Gender Gap: Male-only gene affects men's dopamine levels | Science News

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Gender Gap: Male-only gene affects men's dopamine levels

11:49am, March 1, 2006

A gene found only in men is key to regulating the brain's production of dopamine, a new study shows. The finding offers a clue to why men are more likely than women to develop dopamine-related illnesses such as Parkinson's disease, schizophrenia, and addiction. Together with another new study, the work suggests that women and men have distinctive dopamine-regulating systems.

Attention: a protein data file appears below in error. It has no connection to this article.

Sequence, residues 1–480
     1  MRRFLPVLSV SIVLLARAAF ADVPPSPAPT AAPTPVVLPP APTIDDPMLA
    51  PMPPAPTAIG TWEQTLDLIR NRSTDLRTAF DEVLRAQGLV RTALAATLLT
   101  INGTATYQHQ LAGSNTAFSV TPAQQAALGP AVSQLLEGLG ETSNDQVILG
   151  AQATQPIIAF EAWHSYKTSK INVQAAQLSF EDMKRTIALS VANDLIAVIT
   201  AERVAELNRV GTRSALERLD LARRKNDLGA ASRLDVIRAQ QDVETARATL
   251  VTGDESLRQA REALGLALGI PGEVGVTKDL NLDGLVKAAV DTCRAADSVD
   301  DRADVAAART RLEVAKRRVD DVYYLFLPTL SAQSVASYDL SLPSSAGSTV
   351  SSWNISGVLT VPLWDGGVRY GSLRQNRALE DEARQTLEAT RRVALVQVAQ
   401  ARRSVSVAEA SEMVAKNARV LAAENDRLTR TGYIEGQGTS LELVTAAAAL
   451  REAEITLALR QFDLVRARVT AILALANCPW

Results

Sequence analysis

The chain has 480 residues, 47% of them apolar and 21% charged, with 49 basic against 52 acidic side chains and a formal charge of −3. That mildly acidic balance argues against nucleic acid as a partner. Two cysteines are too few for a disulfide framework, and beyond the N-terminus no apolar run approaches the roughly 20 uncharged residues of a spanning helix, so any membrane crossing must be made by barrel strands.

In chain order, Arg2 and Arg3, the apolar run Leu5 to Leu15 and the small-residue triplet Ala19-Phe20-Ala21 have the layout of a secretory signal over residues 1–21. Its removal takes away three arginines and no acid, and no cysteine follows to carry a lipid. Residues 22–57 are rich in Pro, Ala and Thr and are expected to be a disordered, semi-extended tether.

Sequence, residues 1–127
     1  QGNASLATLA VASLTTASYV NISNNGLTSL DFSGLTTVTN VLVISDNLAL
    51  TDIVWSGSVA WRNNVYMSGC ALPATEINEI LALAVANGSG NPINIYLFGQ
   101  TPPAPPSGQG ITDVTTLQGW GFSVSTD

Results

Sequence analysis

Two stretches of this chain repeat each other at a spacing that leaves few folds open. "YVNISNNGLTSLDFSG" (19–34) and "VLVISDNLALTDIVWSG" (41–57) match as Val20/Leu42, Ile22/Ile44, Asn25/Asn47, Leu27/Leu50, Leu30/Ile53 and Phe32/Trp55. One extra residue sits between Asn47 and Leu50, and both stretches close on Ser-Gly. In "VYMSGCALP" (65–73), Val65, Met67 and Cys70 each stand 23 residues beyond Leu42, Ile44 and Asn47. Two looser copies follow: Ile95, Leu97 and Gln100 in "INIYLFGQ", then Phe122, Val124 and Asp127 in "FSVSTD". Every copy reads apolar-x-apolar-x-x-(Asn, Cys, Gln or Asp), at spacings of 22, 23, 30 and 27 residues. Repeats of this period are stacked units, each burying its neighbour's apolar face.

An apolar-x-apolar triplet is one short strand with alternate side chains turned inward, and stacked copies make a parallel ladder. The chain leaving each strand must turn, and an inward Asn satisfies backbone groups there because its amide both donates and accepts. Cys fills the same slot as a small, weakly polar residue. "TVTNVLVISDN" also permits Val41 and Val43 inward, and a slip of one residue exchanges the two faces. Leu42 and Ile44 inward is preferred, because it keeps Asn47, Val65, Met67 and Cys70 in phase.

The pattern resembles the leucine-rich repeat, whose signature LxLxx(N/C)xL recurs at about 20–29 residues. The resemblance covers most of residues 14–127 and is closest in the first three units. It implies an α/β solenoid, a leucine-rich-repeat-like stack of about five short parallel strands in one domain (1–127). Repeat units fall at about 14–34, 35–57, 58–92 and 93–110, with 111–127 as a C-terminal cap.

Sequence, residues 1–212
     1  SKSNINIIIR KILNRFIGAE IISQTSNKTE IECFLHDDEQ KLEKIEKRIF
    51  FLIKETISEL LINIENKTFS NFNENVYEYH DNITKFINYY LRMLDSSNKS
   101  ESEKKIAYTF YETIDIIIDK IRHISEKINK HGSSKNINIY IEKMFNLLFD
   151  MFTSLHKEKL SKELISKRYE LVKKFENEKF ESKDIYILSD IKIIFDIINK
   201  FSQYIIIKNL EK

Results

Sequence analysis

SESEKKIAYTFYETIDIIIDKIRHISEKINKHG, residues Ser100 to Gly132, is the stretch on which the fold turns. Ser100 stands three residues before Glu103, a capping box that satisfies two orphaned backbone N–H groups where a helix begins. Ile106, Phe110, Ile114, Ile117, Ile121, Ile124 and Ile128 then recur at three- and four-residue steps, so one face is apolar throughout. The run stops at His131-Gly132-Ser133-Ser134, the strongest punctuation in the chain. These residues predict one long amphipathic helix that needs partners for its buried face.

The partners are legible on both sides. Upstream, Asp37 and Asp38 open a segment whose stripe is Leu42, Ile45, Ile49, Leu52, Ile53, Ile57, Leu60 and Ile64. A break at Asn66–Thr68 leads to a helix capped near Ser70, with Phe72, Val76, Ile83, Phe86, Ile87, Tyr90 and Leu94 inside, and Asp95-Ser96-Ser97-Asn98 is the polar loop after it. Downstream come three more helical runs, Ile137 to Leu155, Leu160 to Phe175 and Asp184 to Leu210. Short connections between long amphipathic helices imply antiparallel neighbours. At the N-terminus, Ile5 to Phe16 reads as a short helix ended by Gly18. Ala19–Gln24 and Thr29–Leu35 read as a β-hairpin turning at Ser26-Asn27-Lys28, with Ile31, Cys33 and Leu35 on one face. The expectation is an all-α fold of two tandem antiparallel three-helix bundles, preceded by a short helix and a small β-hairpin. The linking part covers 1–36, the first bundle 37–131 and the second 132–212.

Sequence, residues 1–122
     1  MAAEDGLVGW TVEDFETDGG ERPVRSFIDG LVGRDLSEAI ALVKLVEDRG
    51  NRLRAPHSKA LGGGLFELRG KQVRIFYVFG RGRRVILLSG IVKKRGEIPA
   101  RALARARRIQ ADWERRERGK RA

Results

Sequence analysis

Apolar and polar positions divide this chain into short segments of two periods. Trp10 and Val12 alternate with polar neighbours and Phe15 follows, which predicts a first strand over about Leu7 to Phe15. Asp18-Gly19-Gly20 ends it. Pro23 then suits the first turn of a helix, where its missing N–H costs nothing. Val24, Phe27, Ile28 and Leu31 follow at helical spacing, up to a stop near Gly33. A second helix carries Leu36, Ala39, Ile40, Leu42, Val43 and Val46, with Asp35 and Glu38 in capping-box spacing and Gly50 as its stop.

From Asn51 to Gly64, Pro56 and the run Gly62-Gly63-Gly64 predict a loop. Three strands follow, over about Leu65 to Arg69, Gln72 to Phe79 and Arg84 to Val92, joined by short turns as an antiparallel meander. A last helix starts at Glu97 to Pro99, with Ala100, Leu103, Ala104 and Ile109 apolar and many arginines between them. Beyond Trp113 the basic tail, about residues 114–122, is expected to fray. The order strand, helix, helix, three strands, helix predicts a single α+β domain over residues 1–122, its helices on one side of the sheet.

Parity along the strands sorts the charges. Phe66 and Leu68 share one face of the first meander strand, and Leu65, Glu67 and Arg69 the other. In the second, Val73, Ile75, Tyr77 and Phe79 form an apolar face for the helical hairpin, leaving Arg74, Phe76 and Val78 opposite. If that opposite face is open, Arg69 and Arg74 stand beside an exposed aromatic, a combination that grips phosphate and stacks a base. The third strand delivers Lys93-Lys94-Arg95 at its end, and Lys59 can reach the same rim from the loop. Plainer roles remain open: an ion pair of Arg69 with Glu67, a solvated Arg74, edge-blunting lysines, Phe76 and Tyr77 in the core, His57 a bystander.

The gene, called Sry, is found on the Y chromosome and is therefore exclusive to men. Sry determines gender, signaling an embryo's gonads to develop into testes rather than ovaries.

Unexpectedly, the gene also performs a function not related to sex, says geneticist Eric Vilain of the University of California, Los Angeles. The researchers found that Sry makes a protein that controls concentrations of dopamine, a neurotransmitter produced in a central brain region called the substantia nigra. Dopamine carries signals from the brain to the body that control movement and coord

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